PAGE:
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Hyosung TE450 MX ATV
Korea Steps Into The 450 Ring

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If there were one area where the TE450 begins to falter, it would most certainly be in the handling department.  Our test riders spent a solid two days fiddling with the fully adjustable suspension and never came away satisfied (or fully aware of the exact trouble of the design for that matter).  At slow speeds a rider could almost be convinced that the quad is stable and firmly planted.  This all changes the moment the first terrain imperfection enters the equation.  Once any of the wheels encounter a bump, dip, or even a square-edge rock or root, the TE450 can get pretty violent.  The back wheels seem to be just looking for an excuse to lose traction and the bars (thanks to strange steering geometry) wants to yank themselves free of even the strongest rider’s grip.  Our initial suspicion was that by tweaking the suspension, we could eliminate the handling woes (or lessen them at the very least).  Unfortunately the springy nature of the suspension could not be cured even when we turned the rebound adjustment all the way out.  In fact it appears as though despite a whole host of levers and clicker adjustments, the actual range at which the unlabeled suspension can be tuned is extremely limited.

However, we should clarify that we suspect a decent set of aftermarket shocks may cure the handling bugs permanently.  At the very least, a steering damper alone may be enough to keep the front end from skipping around.

On the Track

A majority of our testing was performed on an outdoor MX track as we suspect this to be the environment many potential customers would pilot the TE450.  The motor is strong enough and boasts a wide enough range to be competitive out of the box.  We blasted berms with the best of them and even powered through sandy whoops and off-cambers without a hint of complaint from the engine.  The shocks, however, force even the smoothest racer into carefully considering his lines and watching out for any braking or stutter bumps as the risk of loosing control or spinning out is always present.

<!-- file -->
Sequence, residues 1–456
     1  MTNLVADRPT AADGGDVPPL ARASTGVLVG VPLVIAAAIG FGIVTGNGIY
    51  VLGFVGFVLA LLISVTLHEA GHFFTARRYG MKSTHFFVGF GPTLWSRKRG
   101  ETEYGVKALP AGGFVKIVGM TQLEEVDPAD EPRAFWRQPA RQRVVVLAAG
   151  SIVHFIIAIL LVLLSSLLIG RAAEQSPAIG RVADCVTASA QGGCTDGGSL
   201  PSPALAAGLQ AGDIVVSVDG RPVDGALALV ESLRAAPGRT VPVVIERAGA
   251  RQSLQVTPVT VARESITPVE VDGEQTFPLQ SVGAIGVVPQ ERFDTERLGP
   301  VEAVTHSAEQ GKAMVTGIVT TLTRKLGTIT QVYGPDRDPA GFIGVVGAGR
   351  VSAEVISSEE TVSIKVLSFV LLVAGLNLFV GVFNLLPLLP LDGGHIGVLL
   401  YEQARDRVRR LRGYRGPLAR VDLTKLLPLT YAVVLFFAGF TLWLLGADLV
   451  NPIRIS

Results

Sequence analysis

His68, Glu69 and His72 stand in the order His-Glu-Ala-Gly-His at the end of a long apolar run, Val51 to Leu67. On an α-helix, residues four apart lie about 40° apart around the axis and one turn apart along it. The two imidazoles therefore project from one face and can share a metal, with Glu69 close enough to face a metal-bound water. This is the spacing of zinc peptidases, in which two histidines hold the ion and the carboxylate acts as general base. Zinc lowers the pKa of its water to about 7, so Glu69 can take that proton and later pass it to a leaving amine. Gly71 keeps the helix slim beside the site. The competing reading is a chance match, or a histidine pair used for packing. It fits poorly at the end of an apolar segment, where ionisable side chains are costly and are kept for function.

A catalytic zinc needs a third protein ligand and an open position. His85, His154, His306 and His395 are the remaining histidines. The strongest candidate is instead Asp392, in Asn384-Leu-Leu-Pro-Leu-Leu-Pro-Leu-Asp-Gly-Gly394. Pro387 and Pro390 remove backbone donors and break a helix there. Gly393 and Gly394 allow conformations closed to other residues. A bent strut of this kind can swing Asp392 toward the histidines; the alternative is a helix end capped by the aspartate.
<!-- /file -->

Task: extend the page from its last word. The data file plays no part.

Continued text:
On the Trail

As it stands, a bone stock TE450 is best suited to wide sweeping trails that allow for third-gear and under exploration.  As with the track test, power was never an issue so much as the shortcomings of the chassis itself.  The lower reaches of each gear are punchy enough to induce smiles on hard pack and an occasional wheelie was mandatory by every rider in attendance.  However, once the going gets rough or the speeds start increasing, that feeling of riding on the razor’s edge starts creeping up in the mind of the TE450 pilot.  Flat corners make the quad want to simply slide into an all out doughnut and the rear wheels tend to start creeping up alongside at about the middle of third gear and onward.  Throttle control is key and certainly counterproductive when one finds himself in a dead-locked drag race to the next corner.


After spending two days in the saddle of a brand new Hyosung TE450, the verdict was fairly unanimous from all of our test riders.  The quality, fit and finish of the TE450 is surprisingly good.  The brakes are powerful and linear, the seat comfortable, the bar-bend perfect, and the controls spot on.  The motor sounds great, revs hard, and gave us no instances to question its reliability.  Keep in mind that Hyosung has been in the cycle business for many years and that expertise (not to mention parts bin) clearly played a role in the development of the TE450.

The biggest fly in this machine’s proverbial ointment comes in the form of the chassis/ suspension package.  Normally we could simply dismiss a quad as a dune-machine or field blaster in this situation except that doing so downplays the potential of this quad’s motor.  Hyosung could have a legitimate contender here by simply swapping out the generic shocks for some aftermarket units (ala KTM or Polaris).  Sure the MSRP of the quad may take a slight bump in the process but riders would be far more willing to shell out the cash in knowing that their machine is competitive out of the box.

Additionally, if Hyosung wants to be taken seriously in the US market, they may want to consider ditching all of the road gear before sending the quads across the pond.  Reflectors and horns send mixed signals to potential buyers, especially the race-set who view even headlights as OEM overkill.

Finally, one test rider managed to summarize the TE450 experience best when he said that the machine felt like someone took his 2008 YFZ450 motor and shoved it into the frame of an old Yamaha Warrior.  In other words, it doesn’t take long for the engine to begin outperforming the chassis.  Hopefully Hyosung will seriously entertain the prospect of making a few changes to the spec sheet in models to come.  With a bit of fine-tuning, 450 shootouts in the future will be forced to include one more legitimate contender.

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